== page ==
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Case Reports in Pathology
Volume 2013 (2013), Article ID 853095, 6 pages
http://dx.doi.org/10.1155/2013/853095
Case Report

Predictive Factors of Potential Malignant Transformation in Recurrent Calcifying Cystic Odontogenic Tumor: Review of the Literature

1Department of Oral and Maxillofacial Pathology, School of Dentistry, Shahid Beheshti University of Medical Sciences, Tehran 1983969411, Iran
2Department of Pathology, Taleghani Hospital, Shahid Beheshti University of Medical Sciences, Tehran 1983969411, Iran

Received 11 May 2013; Accepted 1 July 2013

Academic Editors: I. A. Chaudhry, H. Kuwabara, and E. Miele

Copyright © 2013 Sepideh Mokhtari et al. This is an open access article distributed under the Creative Commons Attribution License, which permits unrestricted use, distribution, and reproduction in any medium, provided the original work is properly cited.

Abstract

Calcifying cystic odontogenic tumor (CCOT) demonstrates considerable diversity in histopathology and clinical behavior. Ghost cell odontogenic carcinoma (GCOC) is the rare malignant counterpart of CCOT and it frequently arises from malignant transformation of a recurrent CCOT. In this paper, we present a case of CCOT and discuss its distinct histopathologic features in recurrence. Then, we will have a review on clinical, histopathological, and immunohistochemical aspects of GCOC in the literature. Predictive factors of malignant transformation in a benign CCOT will also be discussed.

1. Introduction

Calcifying odontogenic cyst (COC) represents 2% of all odontogenic lesions in the jaw [1]. It demonstrates considerable diversity in histopathology and clinical behavior. Latest subclassification of World Health Organization (WHO) has renamed this lesion as calcifying cystic odontogenic tumor (CCOT) [2]. Ghost cell odontogenic carcinoma (GCOC) is the malignant counterpart of this tumor and it frequently arises from malignant transformation of CCOT after multiple recurrences [3]. Here, we present a case of recurrent CCOT and discuss its distinct histopathologic features as potential predictive factors of future malignancy. We will also have a review on clinical, histopathological, and immunohistochemical characteristics of GCOC in the literature.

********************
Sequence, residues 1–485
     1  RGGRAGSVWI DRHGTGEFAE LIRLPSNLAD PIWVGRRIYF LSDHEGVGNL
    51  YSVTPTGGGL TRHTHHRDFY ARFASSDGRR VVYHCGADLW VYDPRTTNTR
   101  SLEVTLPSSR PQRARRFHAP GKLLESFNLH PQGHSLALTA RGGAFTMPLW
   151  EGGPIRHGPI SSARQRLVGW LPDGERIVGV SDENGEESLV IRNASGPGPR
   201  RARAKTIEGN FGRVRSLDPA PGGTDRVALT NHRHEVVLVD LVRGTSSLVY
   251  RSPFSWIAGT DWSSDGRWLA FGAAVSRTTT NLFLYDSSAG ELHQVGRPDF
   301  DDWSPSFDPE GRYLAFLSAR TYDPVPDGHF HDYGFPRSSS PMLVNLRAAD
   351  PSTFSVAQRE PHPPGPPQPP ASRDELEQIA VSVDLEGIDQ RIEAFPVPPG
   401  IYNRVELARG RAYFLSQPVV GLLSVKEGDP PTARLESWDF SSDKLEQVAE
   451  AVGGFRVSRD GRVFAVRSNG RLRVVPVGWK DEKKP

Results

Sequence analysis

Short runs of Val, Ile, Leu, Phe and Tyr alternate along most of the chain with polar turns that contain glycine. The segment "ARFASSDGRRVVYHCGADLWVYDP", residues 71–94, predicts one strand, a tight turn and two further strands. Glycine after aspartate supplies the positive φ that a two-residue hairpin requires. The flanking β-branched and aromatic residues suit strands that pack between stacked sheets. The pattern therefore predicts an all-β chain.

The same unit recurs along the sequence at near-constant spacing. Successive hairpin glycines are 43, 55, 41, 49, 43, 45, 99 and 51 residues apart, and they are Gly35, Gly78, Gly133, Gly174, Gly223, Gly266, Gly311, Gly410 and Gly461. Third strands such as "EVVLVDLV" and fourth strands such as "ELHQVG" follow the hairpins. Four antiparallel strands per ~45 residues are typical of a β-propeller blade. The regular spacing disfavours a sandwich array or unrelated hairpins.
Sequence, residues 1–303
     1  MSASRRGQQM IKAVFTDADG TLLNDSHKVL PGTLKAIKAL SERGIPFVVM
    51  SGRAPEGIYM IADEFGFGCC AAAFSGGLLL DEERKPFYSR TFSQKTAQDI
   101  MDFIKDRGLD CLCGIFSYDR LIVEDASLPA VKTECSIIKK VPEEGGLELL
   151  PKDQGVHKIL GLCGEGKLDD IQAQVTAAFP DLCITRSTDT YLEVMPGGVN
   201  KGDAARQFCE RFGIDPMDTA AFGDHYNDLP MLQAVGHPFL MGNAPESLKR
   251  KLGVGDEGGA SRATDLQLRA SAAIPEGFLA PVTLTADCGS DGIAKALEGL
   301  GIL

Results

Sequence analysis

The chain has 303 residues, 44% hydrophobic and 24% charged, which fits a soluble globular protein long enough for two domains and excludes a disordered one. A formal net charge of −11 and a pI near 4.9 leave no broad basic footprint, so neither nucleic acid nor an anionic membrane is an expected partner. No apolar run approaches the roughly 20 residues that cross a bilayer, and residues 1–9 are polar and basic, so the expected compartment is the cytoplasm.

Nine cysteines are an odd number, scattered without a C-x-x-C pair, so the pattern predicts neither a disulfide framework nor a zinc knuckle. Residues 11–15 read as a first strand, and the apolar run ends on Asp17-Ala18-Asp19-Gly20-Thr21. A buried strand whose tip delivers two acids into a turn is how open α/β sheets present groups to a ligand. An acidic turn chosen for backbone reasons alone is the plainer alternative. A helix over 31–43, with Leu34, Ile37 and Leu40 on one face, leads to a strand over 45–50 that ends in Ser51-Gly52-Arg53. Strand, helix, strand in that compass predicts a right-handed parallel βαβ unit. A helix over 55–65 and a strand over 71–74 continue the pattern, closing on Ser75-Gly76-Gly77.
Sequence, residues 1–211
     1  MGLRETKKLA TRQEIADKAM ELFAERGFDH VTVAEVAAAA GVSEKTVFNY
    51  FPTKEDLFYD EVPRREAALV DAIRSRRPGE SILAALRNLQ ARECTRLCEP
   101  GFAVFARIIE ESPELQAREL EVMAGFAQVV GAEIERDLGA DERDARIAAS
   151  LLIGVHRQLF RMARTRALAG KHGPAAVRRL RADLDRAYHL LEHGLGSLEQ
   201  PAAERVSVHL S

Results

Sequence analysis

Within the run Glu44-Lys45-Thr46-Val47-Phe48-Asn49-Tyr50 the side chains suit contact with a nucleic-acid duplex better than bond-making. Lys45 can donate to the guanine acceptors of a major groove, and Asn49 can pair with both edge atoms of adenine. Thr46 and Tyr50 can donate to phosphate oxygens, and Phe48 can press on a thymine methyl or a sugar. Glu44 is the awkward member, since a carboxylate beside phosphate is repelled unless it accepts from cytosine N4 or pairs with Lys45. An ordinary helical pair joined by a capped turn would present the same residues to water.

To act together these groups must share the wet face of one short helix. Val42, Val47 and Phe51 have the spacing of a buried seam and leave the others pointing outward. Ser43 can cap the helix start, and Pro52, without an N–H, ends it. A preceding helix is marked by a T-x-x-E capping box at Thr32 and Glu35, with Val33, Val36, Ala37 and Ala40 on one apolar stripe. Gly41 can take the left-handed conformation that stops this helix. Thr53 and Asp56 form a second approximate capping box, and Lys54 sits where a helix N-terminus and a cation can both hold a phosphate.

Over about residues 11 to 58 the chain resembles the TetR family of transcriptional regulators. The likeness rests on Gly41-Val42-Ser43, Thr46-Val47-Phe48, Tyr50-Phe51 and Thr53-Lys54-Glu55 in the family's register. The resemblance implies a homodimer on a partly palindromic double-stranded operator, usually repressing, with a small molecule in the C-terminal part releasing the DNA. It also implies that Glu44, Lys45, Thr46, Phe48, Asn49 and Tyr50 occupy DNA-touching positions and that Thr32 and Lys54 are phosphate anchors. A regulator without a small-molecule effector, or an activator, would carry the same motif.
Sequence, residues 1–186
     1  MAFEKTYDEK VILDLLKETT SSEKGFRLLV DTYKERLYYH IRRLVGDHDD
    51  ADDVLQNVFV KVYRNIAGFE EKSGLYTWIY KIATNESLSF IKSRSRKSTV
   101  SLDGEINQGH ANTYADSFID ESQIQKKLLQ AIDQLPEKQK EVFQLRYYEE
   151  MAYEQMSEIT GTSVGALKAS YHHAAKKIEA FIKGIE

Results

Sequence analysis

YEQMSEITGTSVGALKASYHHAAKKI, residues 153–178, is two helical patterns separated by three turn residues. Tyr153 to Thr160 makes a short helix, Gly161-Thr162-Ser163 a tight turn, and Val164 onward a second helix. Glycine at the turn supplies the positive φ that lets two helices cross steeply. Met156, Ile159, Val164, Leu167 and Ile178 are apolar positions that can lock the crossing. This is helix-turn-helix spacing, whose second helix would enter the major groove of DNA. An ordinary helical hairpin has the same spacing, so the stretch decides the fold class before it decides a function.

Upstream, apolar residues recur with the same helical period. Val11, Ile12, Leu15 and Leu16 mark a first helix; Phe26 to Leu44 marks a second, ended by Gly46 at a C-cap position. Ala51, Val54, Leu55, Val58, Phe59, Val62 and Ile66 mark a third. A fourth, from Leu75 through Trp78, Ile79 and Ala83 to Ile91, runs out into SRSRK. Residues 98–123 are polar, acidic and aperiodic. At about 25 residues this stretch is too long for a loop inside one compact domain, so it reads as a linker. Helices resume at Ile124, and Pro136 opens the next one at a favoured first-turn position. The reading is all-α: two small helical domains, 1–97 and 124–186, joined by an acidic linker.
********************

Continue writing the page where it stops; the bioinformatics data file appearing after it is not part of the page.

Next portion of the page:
2. Case Presentation

A 54-year-old male presented with swelling in the right side of mandible. He had a history of right first molar extraction 5 years ago with subsequent abscess formation and without any treatment. Radiographic examination revealed a multilocular radiolucent lesion (Figure 1). Root resorption of right mandibular canine and premolars was also obvious. Incisional biopsy revealed a benign cystic lesion with typical histologic features of calcifying odontogenic cyst (Figure 2). The lesion was excised and extensively curetted. Serial panoramic radiographs were taken in 2-week, 3-, 11-, 13-, and 18-month follow-up (Figures 3 and 4). Continuous healing process was seen in panoramic views. However, in all radiographs a nonhealing radiolucent area with progressive increase in size was evident. This area was apparent in the radiograph of 18-month follow-up as a well-defined radiolucent lesion. Clinical examination revealed a swelling in the right side of mandible measuring 4 × 3 cm. The surface skin was intact with no erythema or tenderness and the patient had no lymphadenopathy. In computed tomographic sections, buccal and lingual cortex perforations were evident. Tumor recurrence was confirmed by histopathologic evaluation. However, in contrast to the initial lesion, the recurrent cystic lesion had tumoral proliferations in the cyst wall (Figure 5). Tumoral nests contained ghost cells and dentinoid material, some representing a cribriform pattern (Figure 6). Scattered mitotic figures and mild atypia were observed (Figure 7). Granulomatous reaction and foreign body type giant cells were also present throughout the lesion.